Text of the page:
If you’re new to App Engine, then the file system model may be a bit different from what you might have experienced using other hosts.
With an App Engine application, you cannot write to the file-system where your application is deployed. Your application can read any files from the deployed directory structure, but it can’t write to that file-system. Instead, the application can use Google Cloud Storage (GCS) for both reading and writing files.
To convert an app to use GCS for writable files, here are the primary things that you will typically need to do:
Another implication of the read-only file system is that if your app has a ‘plugin’ model, like WordPress, you can’t install or update plugins from your deployed app. Instead, you will need to install or update any plugins locally, then redeploy the app.
You can find lots more info on all of the following in the documentation for the PHP runtime.
We’re happy to announce that we’ve just released version 1.2 of the App Engine WordPress plugin. The new version includes the following changes
- Fix for the bug “Uncaught exception ‘InvalidArgumentException’ with message ‘max_bytes_per_blob must be an integer'” (forum link)
- Removes the need for PIL to be installed in the local development environment.
- Removes the need for PyCrypto to be installed in the local development environment.
- Better checking if the application has write access to the Google Cloud Storage bucket for uploads.
If you find any issues with the latest version of the plugin you can file them in the support forum.
We also gladly accept pull requests – you can find the plugin source on Github.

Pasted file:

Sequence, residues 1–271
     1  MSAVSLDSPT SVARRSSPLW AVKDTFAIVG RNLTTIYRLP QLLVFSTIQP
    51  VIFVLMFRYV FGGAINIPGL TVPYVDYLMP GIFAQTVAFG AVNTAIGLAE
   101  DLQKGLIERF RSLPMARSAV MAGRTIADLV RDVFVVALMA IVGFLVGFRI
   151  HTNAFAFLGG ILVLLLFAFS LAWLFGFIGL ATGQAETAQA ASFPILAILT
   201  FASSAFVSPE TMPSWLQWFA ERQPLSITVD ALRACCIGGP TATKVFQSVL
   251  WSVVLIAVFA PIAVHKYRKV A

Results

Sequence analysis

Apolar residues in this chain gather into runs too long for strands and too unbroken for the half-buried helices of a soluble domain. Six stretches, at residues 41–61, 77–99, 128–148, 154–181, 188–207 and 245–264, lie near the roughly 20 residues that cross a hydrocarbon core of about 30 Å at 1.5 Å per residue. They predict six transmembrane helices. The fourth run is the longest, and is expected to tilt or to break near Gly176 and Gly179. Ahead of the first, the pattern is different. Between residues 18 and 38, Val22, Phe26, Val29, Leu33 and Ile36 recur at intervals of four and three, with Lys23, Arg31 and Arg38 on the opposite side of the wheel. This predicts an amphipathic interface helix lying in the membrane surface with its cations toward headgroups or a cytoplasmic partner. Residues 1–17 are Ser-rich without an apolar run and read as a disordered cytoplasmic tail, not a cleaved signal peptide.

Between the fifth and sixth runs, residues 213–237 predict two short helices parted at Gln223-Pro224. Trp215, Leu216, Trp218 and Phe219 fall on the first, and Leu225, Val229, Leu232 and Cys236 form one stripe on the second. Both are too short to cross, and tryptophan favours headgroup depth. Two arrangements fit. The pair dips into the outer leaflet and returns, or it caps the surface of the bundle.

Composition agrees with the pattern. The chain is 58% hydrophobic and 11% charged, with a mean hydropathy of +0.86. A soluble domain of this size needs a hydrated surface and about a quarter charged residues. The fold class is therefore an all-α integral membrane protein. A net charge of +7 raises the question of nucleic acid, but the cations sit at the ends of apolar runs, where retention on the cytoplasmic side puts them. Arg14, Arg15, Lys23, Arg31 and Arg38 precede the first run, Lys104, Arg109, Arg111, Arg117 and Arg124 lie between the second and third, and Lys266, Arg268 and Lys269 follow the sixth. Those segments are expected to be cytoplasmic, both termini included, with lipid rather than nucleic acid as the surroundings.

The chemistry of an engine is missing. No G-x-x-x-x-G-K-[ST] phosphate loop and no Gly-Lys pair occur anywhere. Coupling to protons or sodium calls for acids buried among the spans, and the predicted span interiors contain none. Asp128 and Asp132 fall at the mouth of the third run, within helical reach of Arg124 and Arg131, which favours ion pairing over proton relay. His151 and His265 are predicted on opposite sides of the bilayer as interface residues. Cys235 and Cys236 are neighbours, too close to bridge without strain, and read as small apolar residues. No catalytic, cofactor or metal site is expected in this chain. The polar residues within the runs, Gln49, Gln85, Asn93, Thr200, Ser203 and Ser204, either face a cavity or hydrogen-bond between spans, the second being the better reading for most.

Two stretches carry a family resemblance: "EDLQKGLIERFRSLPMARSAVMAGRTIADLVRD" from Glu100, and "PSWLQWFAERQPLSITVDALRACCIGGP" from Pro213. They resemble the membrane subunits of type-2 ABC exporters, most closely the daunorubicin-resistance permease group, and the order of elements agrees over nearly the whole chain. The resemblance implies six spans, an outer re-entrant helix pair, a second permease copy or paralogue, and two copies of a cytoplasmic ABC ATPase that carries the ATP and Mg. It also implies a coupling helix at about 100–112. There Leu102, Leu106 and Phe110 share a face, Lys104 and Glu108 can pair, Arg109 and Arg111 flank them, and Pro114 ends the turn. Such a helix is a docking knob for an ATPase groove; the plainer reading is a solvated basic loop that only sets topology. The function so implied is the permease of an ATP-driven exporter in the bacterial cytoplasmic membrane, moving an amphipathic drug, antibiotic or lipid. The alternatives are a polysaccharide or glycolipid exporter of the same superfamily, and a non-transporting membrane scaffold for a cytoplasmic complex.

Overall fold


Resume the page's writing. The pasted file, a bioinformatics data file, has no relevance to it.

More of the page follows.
Sitemaps are a valuable tool in helping search engines crawl your website. In this post I’ll show you how you can have a dynamically generated sitemap for a WordPress blog hosted on Google App Engine.
Because of the read-only nature of the file system on App Engine, we’ll use Google Cloud Storage to store the generated sitemap file. We’ll also add some handlers to serve the sitemap, and to update it as part of a scheduled cron job.
This is the second in a series of posts on using the Google Cloud Datastore on PHP App Engine.
The code for the examples in this post is here: https://github.com/amygdala/appengine_php_datastore_example.
The previous post walked through the process of setting up your PHP App Engine app to connect with the Datastore, using the Google API client libraries.
It demonstrated how to create a test Datastore entity, and showed how to set up a “Datastore service” instance, using a
DatastoreService class, to make it easier to send requests.
However, using the API client libraries, there is a fair bit of overhead in composing requests to the Datastore and processing the responses, and mapping entities to instances of classes in your app. So, in this post, we’ll define some classes to make it easier to create, update, and fetch Datastore entities.
We’ll define a `Model` base class, then show an example of subclassing it to map to a specific Datastore Kind.
In this post, we’ll show how to access the Google Cloud Datastore from a PHP App Engine app.